Thursday, February 23, 2017

The Sunny Side of the Mountain

The other day I was admiring the mountains in Kacey's amazing Ehren map:
I really like his shading approach.  (But go admire the whole map, it's well worth your time.)  One element of the shading is contour hatching with trailing lines behind the ridges.  That's not too different from the scribbled hatching I've been using, so I thought it would be a fun experiment to implement that sort of shading.

The basic approach is pretty straightforward -- rather than drawing back and forth as I do with scribbles, I just draw in one direction.  On top of that, I make each line trail off as it is drawn, so that it starts thick and gets thinner.  Finally, I have to do some tweaking on the lit side of the mountains, since the shadows there should be lighter there than on the other side of the mountain.
I think this looks pretty good.  Here's what it looks like on the map:

Here I have the shadows darkest right at the ridge lines.  That might seem backward; you might think the shadows should be darkest where they are farthest away from the ridge lines:
Orienting the shadows that way makes the mountains look more rounded.  I think I prefer the first version, but the program can easily generated it either way.  It's also easy to generate solid lines:
This gives a more two-dimensional / graphics arts sort of feel, but looks very flat on a map.

In Kacey's Ehren map, he also puts a gradient underneath the contour shading to add more depth.  SVG does linear gradients, so let's see how those look as mountain shading.  There's a lot of possible complexity here, but I'm going to start with a simple right to left gradient from 70% transparent to fully transparent:
And here it is combined with contour hatching:
And with reversed ("rounded") shading:
Here's what gradients + contours looks like on the map:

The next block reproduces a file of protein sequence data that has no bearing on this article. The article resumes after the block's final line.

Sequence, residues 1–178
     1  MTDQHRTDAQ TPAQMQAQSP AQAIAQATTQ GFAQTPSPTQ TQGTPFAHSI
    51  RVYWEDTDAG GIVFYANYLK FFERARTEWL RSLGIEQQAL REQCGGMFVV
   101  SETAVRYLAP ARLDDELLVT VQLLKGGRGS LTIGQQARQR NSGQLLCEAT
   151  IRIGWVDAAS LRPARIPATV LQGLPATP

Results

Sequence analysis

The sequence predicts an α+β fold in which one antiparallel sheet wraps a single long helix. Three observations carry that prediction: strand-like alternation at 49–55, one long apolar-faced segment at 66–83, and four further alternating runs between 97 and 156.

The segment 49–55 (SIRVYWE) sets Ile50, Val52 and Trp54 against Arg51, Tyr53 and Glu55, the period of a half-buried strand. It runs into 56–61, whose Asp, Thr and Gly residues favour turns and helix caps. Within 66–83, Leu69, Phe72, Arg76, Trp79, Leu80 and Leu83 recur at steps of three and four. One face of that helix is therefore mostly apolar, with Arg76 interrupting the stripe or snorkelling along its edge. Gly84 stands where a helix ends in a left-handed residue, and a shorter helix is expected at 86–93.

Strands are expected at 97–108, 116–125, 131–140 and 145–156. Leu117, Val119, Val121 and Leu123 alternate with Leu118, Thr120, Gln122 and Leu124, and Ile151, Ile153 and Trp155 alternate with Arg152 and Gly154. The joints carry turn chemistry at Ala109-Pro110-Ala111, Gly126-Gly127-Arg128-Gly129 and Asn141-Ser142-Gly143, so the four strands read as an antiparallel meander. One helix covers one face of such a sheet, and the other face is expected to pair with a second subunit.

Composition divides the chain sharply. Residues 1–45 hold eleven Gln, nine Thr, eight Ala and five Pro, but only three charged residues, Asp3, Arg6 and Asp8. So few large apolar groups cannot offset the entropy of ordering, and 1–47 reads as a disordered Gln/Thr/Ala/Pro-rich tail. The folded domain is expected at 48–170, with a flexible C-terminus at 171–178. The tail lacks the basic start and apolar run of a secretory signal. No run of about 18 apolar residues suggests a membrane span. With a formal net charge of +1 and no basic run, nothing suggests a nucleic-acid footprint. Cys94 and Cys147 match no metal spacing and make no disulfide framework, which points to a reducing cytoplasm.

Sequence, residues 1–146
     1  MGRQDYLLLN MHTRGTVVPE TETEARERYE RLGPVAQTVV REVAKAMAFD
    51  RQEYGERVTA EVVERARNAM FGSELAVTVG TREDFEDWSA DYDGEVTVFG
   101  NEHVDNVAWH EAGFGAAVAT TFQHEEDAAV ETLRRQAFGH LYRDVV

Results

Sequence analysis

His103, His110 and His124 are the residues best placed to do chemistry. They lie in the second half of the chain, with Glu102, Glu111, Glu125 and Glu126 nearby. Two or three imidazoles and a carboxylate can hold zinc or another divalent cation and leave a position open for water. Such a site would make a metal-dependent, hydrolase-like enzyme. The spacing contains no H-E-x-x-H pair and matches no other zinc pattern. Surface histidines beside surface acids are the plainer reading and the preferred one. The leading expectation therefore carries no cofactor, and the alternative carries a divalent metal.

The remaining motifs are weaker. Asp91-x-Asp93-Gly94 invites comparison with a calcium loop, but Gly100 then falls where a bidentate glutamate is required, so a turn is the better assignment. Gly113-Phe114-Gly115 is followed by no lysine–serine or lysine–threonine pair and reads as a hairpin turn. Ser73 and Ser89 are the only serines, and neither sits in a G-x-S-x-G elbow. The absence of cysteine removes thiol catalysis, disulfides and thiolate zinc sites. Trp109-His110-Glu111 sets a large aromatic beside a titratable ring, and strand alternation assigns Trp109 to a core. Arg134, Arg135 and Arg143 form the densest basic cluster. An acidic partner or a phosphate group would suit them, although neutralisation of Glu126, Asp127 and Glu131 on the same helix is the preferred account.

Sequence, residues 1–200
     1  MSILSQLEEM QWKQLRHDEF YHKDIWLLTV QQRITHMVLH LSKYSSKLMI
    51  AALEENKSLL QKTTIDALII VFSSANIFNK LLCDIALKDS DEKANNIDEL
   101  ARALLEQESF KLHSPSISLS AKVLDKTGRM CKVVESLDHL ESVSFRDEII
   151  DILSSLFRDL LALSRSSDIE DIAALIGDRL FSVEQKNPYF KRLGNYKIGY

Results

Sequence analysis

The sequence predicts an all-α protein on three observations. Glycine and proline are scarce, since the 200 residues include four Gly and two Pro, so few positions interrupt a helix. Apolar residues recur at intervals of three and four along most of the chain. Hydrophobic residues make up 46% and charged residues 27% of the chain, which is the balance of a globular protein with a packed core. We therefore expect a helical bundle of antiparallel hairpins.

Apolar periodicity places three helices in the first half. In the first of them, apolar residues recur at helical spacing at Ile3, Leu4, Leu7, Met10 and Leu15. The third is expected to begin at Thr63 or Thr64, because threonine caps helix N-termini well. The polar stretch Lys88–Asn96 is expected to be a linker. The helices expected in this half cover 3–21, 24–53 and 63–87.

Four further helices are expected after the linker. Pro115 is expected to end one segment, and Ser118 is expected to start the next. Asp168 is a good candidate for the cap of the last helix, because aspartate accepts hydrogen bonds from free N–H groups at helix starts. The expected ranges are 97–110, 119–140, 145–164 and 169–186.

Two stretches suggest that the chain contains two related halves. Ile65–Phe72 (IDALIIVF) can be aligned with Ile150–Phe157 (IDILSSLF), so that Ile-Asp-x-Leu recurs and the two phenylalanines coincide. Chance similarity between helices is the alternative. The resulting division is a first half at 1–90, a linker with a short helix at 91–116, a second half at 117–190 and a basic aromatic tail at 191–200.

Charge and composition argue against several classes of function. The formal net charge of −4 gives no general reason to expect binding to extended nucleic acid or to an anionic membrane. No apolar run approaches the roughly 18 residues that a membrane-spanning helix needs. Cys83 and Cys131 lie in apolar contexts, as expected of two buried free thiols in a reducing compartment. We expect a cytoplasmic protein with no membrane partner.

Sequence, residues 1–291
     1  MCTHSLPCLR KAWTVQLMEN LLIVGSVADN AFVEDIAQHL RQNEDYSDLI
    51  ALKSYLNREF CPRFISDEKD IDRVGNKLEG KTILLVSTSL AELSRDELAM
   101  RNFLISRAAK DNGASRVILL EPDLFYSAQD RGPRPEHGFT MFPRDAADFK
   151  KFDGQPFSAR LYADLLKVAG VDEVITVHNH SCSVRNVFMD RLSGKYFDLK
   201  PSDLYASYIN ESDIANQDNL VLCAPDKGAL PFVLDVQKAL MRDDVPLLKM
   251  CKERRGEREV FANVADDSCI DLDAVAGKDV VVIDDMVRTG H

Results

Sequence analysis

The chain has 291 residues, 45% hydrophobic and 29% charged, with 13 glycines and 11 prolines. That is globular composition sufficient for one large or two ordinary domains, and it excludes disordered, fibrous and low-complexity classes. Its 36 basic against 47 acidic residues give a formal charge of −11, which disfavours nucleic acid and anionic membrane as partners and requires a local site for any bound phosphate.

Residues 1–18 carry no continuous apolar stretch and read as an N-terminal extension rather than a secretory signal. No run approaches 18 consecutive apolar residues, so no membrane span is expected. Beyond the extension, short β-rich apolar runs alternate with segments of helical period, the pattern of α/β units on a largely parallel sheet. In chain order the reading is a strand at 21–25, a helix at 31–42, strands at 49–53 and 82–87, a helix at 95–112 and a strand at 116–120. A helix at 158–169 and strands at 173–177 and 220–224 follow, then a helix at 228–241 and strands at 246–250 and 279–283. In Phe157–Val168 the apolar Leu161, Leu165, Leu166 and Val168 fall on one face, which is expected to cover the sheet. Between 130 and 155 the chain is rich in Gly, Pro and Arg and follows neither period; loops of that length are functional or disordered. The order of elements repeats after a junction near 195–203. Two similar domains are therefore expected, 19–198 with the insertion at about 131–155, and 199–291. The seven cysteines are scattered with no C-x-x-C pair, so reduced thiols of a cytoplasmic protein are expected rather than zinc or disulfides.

Overall, I like this a lot, and it's now the default shading for the mountains.

Saturday, February 18, 2017

A Mountain By Any Other Name Is Still a Hogsback

In its current incarnation, Dragons Abound doesn't name its mountains.  Originally, all of the terrain was generated with noise functions, and the mountains just showed up wherever the noise function produced a large value, so the program didn't understand that one area was mountains and another was not.  But as I've discussed in previous posts, the program now intentionally creates mountain areas, so it's more feasible to name the mountains.  So how do mountains get named?

Many mountains (and terrain features in general) are given proper names -- these are unique names that don't have any other meaning, like the "Appalachian Mountains."  These are often derived or shared with other features.  For example, the Appalachian Mountains are derived from the Apalachee tribe of Native Americans; in turn that name seems to derive from the name of the village where Spanish explorers first encountered the tribe.  Similarly, the Allegheny Mountains are named after the Allegheny River, which derives from the Lenape tribe's words for "fine river".  But these days "Allegheny" is just a name that doesn't have any other meaning.